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A50 extension. Don't be obtuse, there's enough of that going around.
by Colman (colman at eurotrib.com) on Fri Nov 30th, 2018 at 10:22:54 AM EST
[ Parent ]
It is my understanding the transition period is part of the Brexit Agreement that is unlikely to be accepted by parliament.

See:  here.

The agreement outlines a transitional period that will last from March 30, 2019 until 31 December 2020.



She believed in nothing; only her skepticism kept her from being an atheist. -- Jean-Paul Sartre
by ATinNM on Fri Nov 30th, 2018 at 04:49:01 PM EST
[ Parent ]
Go and read Article 50. Extension to two year period by agreement on Council if requested by UK.
by Colman (colman at eurotrib.com) on Sat Dec 1st, 2018 at 06:40:12 PM EST
[ Parent ]
This.

... a transition cannot be delivered by the European Union (Withdrawal) Act, which was passed just over a month ago. That Act operates on the assumption that the UK will leave the EU on exit day. It chooses that day as the `switch-over' point, after which the European Communities Act 1972 (ECA) is repealed and most (but not all) EU law is converted into domestic law (or 'retained EU law').

If exit day is to stay at 29 March 2019, but the UK is to give effect to EU law `proper' (rather than `retained' EU law) beyond that day, fresh legislation is needed. A new Act of Parliament will have to amend the Withdrawal Act before the new scheme of `retained EU law' replaces the ECA.

and

The EU Treaties would cease to apply to the UK two years after the notification of an intention to withdraw [i.e. March 29, 2019] and the ECA is repealed at the same time. There can be no `transition period' without a withdrawal agreement.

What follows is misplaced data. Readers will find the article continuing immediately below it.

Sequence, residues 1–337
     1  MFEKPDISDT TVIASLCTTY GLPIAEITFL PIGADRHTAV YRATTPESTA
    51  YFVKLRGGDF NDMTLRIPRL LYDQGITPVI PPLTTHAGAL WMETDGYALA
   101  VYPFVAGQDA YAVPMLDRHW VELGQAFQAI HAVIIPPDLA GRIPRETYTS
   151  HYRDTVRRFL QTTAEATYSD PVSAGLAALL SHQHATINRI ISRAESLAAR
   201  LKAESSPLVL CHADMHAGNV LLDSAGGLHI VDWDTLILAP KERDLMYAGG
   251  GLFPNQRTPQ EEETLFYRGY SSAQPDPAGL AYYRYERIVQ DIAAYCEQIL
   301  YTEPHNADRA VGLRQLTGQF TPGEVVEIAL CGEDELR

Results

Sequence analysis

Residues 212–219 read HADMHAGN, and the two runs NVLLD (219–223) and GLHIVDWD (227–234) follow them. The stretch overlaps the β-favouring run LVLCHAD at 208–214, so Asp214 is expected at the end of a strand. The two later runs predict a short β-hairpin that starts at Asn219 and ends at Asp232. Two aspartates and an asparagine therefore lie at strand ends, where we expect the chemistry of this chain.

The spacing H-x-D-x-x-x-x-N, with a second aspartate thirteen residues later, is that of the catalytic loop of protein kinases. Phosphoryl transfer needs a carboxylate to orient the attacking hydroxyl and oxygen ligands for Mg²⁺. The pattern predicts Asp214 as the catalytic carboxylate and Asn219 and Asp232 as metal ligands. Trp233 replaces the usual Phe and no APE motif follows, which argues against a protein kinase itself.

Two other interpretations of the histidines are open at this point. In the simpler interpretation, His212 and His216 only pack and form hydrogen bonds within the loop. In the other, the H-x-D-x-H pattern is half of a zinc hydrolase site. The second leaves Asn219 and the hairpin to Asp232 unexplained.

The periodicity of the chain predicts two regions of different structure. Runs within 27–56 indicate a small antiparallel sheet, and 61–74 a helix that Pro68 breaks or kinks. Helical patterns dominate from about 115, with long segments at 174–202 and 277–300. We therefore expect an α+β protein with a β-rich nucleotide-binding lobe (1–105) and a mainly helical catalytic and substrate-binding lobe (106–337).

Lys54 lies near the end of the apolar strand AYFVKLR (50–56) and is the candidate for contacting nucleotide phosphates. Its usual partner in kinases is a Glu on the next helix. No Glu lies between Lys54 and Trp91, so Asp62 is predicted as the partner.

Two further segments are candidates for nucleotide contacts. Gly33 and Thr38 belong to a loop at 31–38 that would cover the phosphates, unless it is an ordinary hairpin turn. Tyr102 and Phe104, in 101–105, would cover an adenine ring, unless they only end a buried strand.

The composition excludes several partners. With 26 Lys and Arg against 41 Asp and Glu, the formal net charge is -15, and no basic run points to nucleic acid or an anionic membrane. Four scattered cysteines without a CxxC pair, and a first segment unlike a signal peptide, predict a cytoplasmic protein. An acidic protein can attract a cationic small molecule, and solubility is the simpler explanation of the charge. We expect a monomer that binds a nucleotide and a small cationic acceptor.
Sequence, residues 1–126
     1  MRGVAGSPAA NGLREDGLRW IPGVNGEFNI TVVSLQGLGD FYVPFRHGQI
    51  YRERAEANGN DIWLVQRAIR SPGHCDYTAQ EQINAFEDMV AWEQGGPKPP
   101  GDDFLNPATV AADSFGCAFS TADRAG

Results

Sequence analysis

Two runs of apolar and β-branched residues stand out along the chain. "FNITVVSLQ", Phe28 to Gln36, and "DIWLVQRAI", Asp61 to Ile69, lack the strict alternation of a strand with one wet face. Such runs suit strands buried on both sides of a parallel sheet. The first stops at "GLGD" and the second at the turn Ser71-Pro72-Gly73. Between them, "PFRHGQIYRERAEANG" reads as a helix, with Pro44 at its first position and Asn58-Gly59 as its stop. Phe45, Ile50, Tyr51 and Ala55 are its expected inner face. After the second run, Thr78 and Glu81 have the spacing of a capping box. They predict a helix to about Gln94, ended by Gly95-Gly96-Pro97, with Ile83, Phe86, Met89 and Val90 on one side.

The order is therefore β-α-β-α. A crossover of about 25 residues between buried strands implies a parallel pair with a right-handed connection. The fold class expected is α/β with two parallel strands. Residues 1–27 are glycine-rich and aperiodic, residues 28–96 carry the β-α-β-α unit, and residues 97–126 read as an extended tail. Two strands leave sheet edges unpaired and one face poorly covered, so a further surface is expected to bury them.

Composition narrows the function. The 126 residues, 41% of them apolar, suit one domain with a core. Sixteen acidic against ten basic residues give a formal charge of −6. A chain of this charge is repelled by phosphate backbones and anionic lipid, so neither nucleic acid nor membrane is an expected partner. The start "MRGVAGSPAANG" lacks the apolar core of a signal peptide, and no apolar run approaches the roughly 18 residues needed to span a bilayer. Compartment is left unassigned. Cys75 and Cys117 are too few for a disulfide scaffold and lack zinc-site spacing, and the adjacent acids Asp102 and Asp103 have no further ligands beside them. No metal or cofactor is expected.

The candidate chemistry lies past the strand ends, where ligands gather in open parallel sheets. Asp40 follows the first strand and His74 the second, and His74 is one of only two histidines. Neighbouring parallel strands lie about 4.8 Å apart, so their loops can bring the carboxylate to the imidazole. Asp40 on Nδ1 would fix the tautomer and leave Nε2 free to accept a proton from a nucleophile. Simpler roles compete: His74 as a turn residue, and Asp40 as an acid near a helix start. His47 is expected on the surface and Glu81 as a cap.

Emphasis added

She believed in nothing; only her skepticism kept her from being an atheist. -- Jean-Paul Sartre

by ATinNM on Sat Dec 1st, 2018 at 07:25:22 PM EST
[ Parent ]
I presume the distinction between "retained" and "proper" EU law is that "retained" law is whatever the law was at the time of retention, and "proper" EU law is dynamic, it can be changed by the appropriate EU institutions using prescribed processes at any time. For the moment the distinction is academic, but some divergence could occur over time during a transition period or while the UK remains associated with the CUSM if a deal is agreed. The fact that the UK could remain subject to aspects of EU law while having no formal say in its adoption is one of the most controversial aspects of the deal in the UK, even though it is only "common sense" from an EU perspective. (You want to be part of our market, you play by our rules...)

Index of Frank's Diaries
by Frank Schnittger (mail Frankschnittger at hot male dotty communists) on Sun Dec 2nd, 2018 at 12:24:00 PM EST
[ Parent ]

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